Can You Hear Me Now?

New technology offers hope to people with bad cell phone service at home

For frustrated cell phone users who complain of poor reception at home, a new gadget that acts like a “mini-cell phone tower” may be just the cure.

“It does exactly what it’s supposed to do,” said remodeling consultant Jerry DeFeo of Garland. “I have my own little mini-cell phone tower right here in my home.”

Before he bought the device, he said he had trouble talking to customers who called him on his cell phone when he was home.

“If I ever had two (bars) in the past, it was a miracle,” he said. “If you look at it now, it’s sitting there at five bars of signal.”

The new technology, called “femtocells,” connects through the customer’s broadband Internet connection.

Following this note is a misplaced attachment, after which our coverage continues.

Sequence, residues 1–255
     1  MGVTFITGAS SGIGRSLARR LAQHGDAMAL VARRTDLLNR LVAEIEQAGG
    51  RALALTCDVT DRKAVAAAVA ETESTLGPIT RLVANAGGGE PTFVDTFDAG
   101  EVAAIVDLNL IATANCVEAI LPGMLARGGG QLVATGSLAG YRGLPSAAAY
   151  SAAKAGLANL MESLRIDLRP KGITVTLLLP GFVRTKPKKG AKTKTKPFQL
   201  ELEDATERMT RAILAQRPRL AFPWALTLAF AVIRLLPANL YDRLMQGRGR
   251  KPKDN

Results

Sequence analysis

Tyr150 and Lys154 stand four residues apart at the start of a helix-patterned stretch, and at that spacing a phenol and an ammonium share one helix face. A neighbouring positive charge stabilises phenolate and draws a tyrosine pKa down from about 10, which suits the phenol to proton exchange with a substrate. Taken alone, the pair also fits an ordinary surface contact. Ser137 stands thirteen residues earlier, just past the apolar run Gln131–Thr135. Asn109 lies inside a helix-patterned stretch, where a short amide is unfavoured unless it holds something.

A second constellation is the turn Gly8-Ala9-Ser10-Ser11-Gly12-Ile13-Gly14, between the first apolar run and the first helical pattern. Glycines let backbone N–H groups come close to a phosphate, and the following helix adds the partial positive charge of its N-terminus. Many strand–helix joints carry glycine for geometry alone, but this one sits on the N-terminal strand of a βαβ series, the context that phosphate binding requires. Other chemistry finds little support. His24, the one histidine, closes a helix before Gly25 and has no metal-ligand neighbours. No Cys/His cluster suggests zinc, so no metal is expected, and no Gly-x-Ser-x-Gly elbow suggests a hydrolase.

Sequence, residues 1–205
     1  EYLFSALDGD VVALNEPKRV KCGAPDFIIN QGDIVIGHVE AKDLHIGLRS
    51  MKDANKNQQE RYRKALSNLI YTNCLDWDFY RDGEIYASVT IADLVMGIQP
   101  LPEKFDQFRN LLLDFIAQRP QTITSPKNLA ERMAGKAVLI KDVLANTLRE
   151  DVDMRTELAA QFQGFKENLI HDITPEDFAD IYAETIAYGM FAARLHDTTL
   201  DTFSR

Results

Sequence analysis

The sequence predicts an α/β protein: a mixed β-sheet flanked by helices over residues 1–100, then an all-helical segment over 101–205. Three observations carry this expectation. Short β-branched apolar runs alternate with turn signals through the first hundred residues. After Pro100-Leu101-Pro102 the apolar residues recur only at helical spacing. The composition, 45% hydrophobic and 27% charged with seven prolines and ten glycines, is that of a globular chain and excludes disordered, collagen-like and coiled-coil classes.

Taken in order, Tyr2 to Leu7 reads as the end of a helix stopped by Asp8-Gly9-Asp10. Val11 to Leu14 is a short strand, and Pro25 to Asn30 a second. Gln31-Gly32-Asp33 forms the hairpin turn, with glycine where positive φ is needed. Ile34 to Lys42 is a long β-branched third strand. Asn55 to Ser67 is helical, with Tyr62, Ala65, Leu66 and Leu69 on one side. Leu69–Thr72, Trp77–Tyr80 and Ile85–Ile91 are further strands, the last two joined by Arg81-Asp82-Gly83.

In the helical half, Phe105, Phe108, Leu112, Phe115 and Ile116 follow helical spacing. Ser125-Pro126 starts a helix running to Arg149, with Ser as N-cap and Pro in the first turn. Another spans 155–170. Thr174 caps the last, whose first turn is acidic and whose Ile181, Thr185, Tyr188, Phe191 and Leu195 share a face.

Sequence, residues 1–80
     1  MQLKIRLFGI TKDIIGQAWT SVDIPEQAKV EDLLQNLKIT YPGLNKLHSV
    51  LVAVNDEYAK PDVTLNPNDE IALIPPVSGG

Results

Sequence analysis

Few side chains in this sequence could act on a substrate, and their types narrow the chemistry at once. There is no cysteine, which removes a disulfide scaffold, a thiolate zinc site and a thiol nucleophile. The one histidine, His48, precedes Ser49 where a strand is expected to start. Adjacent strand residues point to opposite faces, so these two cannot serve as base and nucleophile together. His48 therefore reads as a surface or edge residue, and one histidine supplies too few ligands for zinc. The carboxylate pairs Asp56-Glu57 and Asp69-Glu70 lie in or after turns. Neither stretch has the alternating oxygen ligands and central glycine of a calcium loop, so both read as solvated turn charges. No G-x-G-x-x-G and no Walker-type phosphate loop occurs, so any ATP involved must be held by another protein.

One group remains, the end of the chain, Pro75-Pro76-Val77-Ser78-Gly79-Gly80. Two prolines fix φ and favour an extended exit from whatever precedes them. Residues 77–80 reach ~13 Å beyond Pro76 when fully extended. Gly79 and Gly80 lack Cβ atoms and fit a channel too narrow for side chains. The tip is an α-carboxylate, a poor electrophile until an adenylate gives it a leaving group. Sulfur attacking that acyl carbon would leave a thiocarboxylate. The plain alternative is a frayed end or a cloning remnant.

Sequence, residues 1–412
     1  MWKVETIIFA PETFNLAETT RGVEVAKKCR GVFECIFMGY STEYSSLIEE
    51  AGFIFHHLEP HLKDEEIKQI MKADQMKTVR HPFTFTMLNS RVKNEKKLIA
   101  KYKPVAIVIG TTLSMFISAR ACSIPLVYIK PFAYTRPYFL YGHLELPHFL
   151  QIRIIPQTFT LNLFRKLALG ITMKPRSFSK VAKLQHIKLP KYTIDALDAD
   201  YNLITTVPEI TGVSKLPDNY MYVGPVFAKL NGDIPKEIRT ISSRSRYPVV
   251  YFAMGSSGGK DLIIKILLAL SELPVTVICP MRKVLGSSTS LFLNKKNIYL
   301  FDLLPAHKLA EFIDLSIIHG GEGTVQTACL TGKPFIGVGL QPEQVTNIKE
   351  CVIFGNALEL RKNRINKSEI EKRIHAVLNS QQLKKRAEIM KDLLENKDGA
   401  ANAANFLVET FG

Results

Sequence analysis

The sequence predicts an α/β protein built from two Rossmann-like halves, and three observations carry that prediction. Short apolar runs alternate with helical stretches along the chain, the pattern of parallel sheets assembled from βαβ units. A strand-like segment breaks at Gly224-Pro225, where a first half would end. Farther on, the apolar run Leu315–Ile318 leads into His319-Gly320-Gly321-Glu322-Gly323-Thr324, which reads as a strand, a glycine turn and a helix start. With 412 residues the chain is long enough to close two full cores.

A small box the size of a computer modem essentially intercepts the cell phone’s signal and routes it through the Internet instead of a cell phone tower.

“Some people don’t have the best coverage in their home,” said Sprint Nextel sales manager Lou Granberry. “This is a great product we developed to solve that need.”

Sprint Nextel calls its technology “Airave.”  T-Mobile has a similar device, and other cell phone companies including AT&T expect to offer their own systems within months.

The Airave box costs $100.  There’s also a monthly charge of $5 to $20, depending on the number of minutes and the number of phones in the plan.

The device works on Sprint phones but not Nextel phones, Granberry said.

DeFeo, the Garland consultant, said it’s a small price to pay for reception as if he were parked right next to a cell phone tower.

“And I am,” he said. “I have the tower right here, in my own home.”

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